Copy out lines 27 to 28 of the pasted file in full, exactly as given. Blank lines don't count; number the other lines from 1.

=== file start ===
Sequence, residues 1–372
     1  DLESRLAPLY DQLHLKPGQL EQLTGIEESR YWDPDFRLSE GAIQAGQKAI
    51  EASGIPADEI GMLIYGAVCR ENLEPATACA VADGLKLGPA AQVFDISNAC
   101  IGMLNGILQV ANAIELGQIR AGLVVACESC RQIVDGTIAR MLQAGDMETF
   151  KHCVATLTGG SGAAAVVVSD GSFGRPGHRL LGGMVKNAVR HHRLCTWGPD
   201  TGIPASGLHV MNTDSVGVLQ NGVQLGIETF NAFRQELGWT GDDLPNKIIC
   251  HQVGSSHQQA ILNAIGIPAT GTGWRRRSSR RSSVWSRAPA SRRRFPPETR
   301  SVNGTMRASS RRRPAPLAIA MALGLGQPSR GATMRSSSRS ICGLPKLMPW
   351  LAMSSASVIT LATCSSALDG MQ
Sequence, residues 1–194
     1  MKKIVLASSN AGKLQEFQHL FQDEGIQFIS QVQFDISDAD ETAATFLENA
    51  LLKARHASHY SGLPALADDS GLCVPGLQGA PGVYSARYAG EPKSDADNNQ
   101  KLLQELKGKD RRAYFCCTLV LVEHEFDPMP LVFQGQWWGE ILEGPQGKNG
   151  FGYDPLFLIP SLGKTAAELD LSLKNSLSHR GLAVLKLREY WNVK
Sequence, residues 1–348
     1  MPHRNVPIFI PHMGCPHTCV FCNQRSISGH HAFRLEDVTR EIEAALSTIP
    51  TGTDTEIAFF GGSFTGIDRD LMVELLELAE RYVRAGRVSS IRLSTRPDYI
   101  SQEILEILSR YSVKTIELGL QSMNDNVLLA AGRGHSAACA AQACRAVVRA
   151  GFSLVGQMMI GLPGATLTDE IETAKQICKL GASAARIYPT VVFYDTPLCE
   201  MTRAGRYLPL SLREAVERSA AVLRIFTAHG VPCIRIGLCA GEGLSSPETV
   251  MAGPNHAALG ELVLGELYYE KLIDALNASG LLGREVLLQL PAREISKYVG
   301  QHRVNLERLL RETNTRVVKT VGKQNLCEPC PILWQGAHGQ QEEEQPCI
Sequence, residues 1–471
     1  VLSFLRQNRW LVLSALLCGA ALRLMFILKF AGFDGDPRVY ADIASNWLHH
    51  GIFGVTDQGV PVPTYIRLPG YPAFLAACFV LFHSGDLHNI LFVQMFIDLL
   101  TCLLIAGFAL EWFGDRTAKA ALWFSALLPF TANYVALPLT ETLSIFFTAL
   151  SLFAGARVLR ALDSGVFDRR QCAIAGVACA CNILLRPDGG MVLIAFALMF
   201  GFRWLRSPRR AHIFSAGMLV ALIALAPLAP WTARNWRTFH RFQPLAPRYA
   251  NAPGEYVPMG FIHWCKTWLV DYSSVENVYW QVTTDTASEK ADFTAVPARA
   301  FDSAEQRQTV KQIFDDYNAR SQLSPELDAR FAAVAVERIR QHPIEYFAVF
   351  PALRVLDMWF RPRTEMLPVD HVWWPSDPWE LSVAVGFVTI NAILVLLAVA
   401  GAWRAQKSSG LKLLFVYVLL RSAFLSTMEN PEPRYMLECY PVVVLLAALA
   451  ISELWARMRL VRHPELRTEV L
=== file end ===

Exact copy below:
   151  SLFAGARVLR ALDSGVFDRR QCAIAGVACA CNILLRPDGG MVLIAFALMF
   201  GFRWLRSPRR AHIFSAGMLV ALIALAPLAP WTARNWRTFH RFQPLAPRYA